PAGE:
BSc (Hons) Computer Games Technology

Choose a world-leading Computer Games Technology degree at the UK's top university for Games. Learn from industry experts and staff who’ve worked on blockbuster games. This course is top 5 in the UK for course satisfaction (Computer Science and Information Systems, The Guardian Guide 2022)

Course detail

Start Date

September

Duration

4 years (full-time)

Award Title

BSc (Hons)

UCAS Code

G470

Programme Overview

Press start on a world-leading Computer Games Technology degree and go under the bonnet to study and develop the engines that make computer games whirr – skilfully delivered by experts who’ve worked on blockbuster titles including Grand Theft Auto (GTA), Angry Birds and Crackdown.

Study at Europe’s top university for computer games and learn all the skills you need to become a programmer in one of the most demanding and rewarding industries in the world. 

From games programming, graphics and artificial intelligence to games hardware and procedural generation, this challenging degree equips you with the confidence and skills you need to pursue a career in the multi-billion pound games industry.

But that's not all. 

To make sure you’re learning at the cutting-edge, the course is kept up-to-date as the games industry changes and technology advances, ensuring you’re work-ready and familiar with whatever challenges the sector throws up.

This course scored an impressive 92% for Overall Satisfaction and 94% for Teaching Quality in the 2022 National Student Survey (NSS). Plus Abertay is widely regarded as THE place to study for a games degree. But don't take our word for it:

  • UK University of the Year for Teaching Quality (The Times/Sunday Times Good University Guide 2021).
  • Top 10 in the UK for Student Satisfaction with Teaching, Course and Feedback (Guardian University Guide 2021).
  • Top 10 UK University for Student Satisfaction (National Student Survey 2020).
  • Top 20 in the world for Video Games Education (Princeton Review 2022).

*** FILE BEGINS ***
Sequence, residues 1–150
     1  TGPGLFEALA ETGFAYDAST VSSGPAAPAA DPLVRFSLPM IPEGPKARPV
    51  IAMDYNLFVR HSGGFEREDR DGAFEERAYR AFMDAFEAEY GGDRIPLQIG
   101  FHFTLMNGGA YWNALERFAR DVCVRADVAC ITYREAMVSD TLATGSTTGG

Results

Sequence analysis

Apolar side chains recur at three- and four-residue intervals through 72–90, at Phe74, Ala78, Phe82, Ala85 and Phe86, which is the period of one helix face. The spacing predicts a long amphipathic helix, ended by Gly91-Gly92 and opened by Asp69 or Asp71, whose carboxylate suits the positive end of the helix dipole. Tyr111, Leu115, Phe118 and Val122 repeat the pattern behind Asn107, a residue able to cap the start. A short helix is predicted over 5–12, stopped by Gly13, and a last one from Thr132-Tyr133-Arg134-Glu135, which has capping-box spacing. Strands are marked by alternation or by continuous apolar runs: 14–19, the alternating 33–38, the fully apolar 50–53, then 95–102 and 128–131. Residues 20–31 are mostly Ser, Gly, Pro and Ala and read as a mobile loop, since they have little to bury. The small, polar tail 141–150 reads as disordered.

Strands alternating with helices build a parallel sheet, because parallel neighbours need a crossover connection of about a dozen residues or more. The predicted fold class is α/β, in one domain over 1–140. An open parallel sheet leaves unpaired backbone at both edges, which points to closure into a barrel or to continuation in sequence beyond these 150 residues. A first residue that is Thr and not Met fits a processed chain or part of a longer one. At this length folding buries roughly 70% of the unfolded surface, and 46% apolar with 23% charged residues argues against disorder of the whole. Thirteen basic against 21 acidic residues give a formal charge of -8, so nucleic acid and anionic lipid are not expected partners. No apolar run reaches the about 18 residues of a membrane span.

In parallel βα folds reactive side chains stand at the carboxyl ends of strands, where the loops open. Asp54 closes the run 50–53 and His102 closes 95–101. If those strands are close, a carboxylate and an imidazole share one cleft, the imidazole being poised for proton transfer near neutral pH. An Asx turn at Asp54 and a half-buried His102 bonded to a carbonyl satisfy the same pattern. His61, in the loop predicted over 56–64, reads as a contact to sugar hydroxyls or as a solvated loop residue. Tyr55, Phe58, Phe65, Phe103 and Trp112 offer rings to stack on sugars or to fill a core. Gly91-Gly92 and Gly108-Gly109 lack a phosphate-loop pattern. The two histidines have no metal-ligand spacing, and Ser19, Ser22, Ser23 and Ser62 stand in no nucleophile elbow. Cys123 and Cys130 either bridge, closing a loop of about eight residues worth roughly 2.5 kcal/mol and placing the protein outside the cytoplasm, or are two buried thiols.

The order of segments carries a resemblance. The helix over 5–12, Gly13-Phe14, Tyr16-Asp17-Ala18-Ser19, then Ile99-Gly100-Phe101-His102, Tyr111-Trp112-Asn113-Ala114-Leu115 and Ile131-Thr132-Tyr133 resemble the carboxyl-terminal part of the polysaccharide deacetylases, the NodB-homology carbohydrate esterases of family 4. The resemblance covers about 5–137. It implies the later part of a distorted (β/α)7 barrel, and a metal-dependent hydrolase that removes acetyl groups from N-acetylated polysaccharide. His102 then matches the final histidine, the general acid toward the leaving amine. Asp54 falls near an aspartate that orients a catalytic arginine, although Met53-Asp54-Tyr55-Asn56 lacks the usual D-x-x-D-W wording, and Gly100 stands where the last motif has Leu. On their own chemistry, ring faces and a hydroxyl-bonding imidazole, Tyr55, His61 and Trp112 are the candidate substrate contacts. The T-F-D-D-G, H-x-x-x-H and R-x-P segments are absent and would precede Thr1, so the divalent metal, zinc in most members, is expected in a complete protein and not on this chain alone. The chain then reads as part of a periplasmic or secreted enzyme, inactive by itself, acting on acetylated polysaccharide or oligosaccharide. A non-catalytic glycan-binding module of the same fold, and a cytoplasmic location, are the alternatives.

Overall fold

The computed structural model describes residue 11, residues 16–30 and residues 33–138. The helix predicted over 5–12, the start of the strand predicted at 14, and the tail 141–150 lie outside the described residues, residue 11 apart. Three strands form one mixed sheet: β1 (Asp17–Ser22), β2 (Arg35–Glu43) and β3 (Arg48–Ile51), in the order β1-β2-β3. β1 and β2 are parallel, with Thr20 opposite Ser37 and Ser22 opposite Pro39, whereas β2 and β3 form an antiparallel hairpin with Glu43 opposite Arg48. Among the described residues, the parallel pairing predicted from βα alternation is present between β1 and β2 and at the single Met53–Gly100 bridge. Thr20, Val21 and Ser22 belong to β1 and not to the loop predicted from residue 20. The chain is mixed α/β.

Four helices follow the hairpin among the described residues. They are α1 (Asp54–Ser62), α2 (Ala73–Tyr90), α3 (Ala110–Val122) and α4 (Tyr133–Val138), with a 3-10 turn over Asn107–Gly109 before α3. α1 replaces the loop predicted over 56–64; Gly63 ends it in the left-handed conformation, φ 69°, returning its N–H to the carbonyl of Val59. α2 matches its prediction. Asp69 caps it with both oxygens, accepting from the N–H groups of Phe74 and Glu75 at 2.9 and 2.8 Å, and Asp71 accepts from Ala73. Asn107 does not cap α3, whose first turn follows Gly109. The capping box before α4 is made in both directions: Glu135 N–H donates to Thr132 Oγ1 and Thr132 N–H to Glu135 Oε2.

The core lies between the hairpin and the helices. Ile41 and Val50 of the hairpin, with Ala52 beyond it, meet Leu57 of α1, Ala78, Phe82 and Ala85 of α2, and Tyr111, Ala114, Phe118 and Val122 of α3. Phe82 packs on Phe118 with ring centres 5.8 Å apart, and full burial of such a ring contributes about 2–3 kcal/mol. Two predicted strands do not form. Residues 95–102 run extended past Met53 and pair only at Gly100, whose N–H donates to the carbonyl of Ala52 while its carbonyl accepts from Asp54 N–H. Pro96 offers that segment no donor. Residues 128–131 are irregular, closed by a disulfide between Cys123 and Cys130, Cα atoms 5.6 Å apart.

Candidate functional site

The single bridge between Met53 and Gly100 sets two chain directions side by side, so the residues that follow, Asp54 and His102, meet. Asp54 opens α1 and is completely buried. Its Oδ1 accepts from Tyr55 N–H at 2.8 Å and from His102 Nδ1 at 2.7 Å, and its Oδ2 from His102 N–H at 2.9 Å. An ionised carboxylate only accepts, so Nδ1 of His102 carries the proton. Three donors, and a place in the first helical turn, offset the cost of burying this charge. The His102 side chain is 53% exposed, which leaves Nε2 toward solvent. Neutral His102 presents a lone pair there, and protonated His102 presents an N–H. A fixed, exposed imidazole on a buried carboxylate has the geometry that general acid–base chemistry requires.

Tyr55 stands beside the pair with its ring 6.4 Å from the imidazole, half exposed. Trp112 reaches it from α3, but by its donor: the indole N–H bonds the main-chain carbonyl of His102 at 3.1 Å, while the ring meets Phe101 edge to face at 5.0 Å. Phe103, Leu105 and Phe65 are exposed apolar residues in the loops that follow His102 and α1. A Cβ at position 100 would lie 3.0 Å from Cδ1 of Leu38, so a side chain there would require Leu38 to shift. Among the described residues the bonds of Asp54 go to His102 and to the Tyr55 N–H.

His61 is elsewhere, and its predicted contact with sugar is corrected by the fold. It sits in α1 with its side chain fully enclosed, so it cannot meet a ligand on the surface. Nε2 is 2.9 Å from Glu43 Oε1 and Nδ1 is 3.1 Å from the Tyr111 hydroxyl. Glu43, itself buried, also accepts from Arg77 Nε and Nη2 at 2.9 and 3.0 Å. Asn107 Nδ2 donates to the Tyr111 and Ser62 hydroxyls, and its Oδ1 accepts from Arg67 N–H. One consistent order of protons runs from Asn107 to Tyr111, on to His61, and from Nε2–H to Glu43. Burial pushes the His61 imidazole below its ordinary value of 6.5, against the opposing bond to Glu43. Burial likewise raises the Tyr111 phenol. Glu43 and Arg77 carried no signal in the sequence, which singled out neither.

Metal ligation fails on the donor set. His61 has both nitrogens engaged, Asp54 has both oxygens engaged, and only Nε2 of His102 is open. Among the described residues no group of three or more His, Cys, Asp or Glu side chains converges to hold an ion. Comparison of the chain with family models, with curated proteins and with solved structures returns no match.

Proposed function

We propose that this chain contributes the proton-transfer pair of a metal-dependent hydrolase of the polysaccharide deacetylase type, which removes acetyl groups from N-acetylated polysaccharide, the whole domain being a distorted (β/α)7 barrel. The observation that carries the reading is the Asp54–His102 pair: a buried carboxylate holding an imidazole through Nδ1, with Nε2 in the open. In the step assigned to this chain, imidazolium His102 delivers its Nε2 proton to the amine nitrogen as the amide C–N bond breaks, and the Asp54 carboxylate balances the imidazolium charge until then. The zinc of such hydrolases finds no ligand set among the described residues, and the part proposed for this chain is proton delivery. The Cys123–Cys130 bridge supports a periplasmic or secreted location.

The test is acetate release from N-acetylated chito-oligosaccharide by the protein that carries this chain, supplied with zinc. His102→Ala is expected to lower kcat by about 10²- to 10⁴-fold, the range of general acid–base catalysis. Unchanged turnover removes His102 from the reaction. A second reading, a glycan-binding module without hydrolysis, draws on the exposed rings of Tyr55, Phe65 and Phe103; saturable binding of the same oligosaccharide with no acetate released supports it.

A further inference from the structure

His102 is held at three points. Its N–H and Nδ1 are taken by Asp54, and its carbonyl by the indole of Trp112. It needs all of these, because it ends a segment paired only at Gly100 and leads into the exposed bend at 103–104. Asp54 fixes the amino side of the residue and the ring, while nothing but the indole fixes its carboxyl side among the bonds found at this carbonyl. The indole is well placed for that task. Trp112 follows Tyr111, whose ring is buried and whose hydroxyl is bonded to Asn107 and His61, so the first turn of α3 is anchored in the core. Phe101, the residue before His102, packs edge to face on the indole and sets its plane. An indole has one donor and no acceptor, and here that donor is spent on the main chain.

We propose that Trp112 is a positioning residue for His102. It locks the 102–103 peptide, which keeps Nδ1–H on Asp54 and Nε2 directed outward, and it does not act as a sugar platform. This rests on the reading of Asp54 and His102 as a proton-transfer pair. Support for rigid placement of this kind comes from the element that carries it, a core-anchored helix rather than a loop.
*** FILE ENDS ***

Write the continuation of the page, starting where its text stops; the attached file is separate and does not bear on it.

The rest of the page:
Plus you'll be learning in Dundee, the hub of Scotland's booming games industry, and home to one-third of the country's gaming companies.

Your Journey Starts Here

The UK computer games market is worth over £4bn ... and it's constantly evolving and growing. Fancy getting involved? This programme provides you with the skills required to gain a foothold in an exciting and cutting-edge industry. 

About Your Modules

All modules shown are indicative and reflect course content for the current academic year. Modules are reviewed annually and may be subject to change. If you receive an offer to study with us we will send you a Programme document  that sets out exactly which modules you can expect to take as part of your Abertay University degree programme. Please see Terms and Conditions for more information.

Modules

Year 1 Core Modules

You must study and pass all five core modules

Brief description

Introduction to fundamental programming constructs within the C++ language, using a problem based approach to develop skills fundamental to all object oriented programming languages

Indicative content:

  • Object oriented program development: Use an object oriented program development environment, creating source code, compilation, linking, execution de-bugging and development.
  • Introduction to Object Orientation: Read, understand and modify small object-oriented programs.
  • Programming constructs: Make use of declarations, data types, assignment, operators, selection, iteration and functions for a range of programming problems.
  • Aggregate types: Arrays and algorithms − increased programming power. Storage, access and direct access to computer memory (pointers). Classes and structs.
  • ​Program development and testing: Pseudo-code and step-wise refinement, use of functions as program units for organisation and also for efficiency.

Brief description

The core ideas of computer architecture. Build a mental model of the functioning of a typical computer system that can be used to reason about system (hardware/software) behaviour - and can be extended in later modules.

Indicative content:

  • Computer architecture: Principal low-level components (logic gates, logic blocks) and what they do, bus interconnections, memory, storage devices.
  • Data representation: Bits, integers, floating and fixed point, text, colours, bitmaps, bitwise operations.
  • Machine instructions: The von Neumann architecture, a modern CPU, arithmetic, control flow, the stack.
  • Operating systems: Userspace and kernelspace, drivers, scheduling, memory management, filesystems, use of operating systems (e.g. Linux ) to support simple system management, OS level security concepts.

Brief description

The basic concepts of applied mathematics relevant to the degree programme.

Indicative content:

  • Calculus: Rates of change, derivatives of standard functions. Rules for derivatives of sums, products, quotients and composite functions. Higher derivatives and applications. Indefinite and definite integrals − integration methods. Application to areas, mean values.
  • Geometry: Plane coordinate geometry of lines, circles and conic sections. Vectors in 2 and 3 dimensions, scalar and vector products − use in projection and 3D geometry.
  • Matrices and Transformations: Basic matrix operations, determinants, inverses. Solving linear equations by matrix inverse. Matrix transformations of the plane − translations, scalings, rotations and reflections. Homogeneous coordinates.